I can do this.

Sanbonme – Ukenagashi. Receive, parry, and cut. Which side do I turn to? Just breathe, watch the man next to you out of the corner of your eye, and follow. You’ve got this. Left foot 90 degrees with heel to left, right foot steps parallel. Seiza. My kneepad is sliding. Breathe in. Shit-shit-shit-shit this hurts today. Breathe out. Breathe in part way. Eyes then head follows turning to the left as I rise and draw. Stand, right foot at 90 degrees and knees in that ukenegashi feeling (whoa, that ukenagashi feeling, I’ve lost that ukenegashi feeling), Shorty raised above head with strong edge facing opponent, tip down to make a roof over my head. Step back with left foot and cut. Tip of sword to knee, change hand position, weird upside chiburi, noto and settle like fog. Rise like smoke. Smoke. Damn, I could use a big fat bowl right now. I’m settling like a deflated souffle and rising like overproofed dough. Hands come off, eyes up. Small step back to starting position.

I want to puke. All of the tears are held back by a tenuous damn. Shit, I am just no good at this. Even though one of the lessons I’ve learned is that being a beginner is okay, I feel like I need to be more than what I am at the current moment. That there is something wrong with me. I am having trouble remembering the movements. The names of the kata. The parts of the sword. All of these spinning in a tornado that is threatening to rip apart my mind like an abandoned house in the countryside. This is all supposed to make me into a better person. Wait, what is wrong with the person I am right now? Aren’t I a good person? I’m by no means perfect, and I always do my best. Fuck, just try harder, woman.

“You can do this,” says Shorty. Breathe.

Yonhonme – Tsuka-ate.  Oh, how the Steel cannot stand sitting in tatehiza, however I find it rather comfortable. I always feel bad for him as I can see the discomfort in his eyes, jaw, and tight shoulders about his ears. We do so much already but I bet the cobra stretch would work wonders for him. That’s for later, what are you doing? Tsuka-ate. Chuck saw? I always giggle when I hear this as I have never seen the word written. I imagine my brother holding a classic wood saw, smiling maniacally. A little levity now and then never hurts, and laughing inside without showing the smile is proving to become a useful skill. Rise from tatehiza and jab to solar plexus with sword still in scabbard. Slide saya off, turn, and thrust into forearm. Blood. Blood? Blood. Wait, blood is not part of this kata! No, neither is sticking yourself with the pointy end. Sure enough, a good inch of the tip of my brand new sword has created a new opening in my left forearm by the elbow. Thank goodness it is just the tip, and I haven’t gone hilt deep. Um, I need help. I wipe the tip of my blade and resheath it. Covering my wound with my hand, I start navigating the side of the mass of samurai in motion, searching for the Steel. I find a few kind souls to assist, and the Steel comes running, horrified and embarrassed. I am bandaged. Admonished. Congratulated. Encouraged. My head is spinning and light, and I cannot hear words that are said. I instead remember feelings.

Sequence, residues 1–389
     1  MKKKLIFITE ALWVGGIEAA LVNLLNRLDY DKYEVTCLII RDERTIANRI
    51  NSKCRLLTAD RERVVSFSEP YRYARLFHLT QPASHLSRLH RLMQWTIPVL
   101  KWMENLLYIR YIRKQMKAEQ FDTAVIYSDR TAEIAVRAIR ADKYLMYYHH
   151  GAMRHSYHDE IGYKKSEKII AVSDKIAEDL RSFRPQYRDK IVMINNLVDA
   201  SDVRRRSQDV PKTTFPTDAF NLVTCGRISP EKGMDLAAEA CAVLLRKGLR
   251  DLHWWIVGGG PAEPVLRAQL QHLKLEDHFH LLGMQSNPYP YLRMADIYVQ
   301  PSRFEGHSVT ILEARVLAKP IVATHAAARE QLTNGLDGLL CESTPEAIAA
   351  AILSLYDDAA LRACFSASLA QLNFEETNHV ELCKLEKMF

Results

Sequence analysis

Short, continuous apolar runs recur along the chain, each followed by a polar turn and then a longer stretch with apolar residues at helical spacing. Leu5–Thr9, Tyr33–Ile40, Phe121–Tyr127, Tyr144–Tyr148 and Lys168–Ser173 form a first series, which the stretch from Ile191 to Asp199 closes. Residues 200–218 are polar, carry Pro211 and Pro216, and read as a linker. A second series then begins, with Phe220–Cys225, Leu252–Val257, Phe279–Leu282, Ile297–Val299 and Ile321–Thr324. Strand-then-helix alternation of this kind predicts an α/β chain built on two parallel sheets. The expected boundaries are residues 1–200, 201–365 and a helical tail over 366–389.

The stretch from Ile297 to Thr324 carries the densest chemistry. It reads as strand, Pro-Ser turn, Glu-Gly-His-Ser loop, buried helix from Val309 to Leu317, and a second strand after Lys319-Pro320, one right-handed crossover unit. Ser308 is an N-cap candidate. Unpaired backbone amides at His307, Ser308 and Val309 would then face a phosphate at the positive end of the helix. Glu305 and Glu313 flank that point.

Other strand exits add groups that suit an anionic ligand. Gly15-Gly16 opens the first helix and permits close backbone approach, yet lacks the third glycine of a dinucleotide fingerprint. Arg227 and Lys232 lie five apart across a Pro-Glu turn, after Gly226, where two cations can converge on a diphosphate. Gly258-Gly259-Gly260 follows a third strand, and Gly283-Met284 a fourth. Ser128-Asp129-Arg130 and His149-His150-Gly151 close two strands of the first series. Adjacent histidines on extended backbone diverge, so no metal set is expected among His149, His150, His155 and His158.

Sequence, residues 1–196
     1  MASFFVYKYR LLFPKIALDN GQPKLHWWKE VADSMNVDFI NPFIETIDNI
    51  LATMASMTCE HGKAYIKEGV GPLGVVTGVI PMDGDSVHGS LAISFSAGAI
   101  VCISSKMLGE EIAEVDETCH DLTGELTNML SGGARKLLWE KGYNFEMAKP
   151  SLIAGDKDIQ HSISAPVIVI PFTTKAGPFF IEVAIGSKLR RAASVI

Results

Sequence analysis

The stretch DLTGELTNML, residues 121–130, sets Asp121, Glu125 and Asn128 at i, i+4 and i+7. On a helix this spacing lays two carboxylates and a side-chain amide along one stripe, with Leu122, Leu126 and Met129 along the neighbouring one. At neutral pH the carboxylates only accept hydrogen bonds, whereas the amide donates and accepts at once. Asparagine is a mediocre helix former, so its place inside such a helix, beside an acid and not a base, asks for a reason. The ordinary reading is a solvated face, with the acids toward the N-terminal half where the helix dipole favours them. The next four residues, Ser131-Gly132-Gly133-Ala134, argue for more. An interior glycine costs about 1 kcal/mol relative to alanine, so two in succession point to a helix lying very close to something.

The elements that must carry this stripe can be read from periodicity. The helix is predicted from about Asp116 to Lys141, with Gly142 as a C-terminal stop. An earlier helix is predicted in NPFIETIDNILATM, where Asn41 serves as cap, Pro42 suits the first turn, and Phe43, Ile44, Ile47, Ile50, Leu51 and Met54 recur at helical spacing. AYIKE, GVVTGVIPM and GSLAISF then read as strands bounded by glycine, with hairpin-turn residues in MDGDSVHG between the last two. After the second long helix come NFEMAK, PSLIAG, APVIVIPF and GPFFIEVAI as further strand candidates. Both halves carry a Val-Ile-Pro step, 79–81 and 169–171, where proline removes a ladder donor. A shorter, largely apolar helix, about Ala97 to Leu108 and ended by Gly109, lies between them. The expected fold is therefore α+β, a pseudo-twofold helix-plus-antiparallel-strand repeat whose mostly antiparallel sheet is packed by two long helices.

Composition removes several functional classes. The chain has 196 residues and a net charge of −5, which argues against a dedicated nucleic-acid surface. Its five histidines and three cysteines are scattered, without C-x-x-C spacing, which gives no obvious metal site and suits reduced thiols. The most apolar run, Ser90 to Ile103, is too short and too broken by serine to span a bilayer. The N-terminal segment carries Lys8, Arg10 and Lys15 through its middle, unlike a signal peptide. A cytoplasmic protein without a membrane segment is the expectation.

The Steel said years later that I would be remembered. That because I continued for the entire day with a damaged arm, that I carry myself with dignity even when I am in immense pain, and that important people would remember me.

He was right.

I tell the lesson of the scar on my arm to anyone who asks. How I was not paying enough attention to what I was doing, and how I was naive to my blade’s length, and I was overexcited and zealous and it caused me to get into some trouble. And that if anyone tells you that size matters not, this is true. We are all the same size, inside. When engaged, though, some feel the need to seem bigger. Whatever. It’s just so childish, gambino.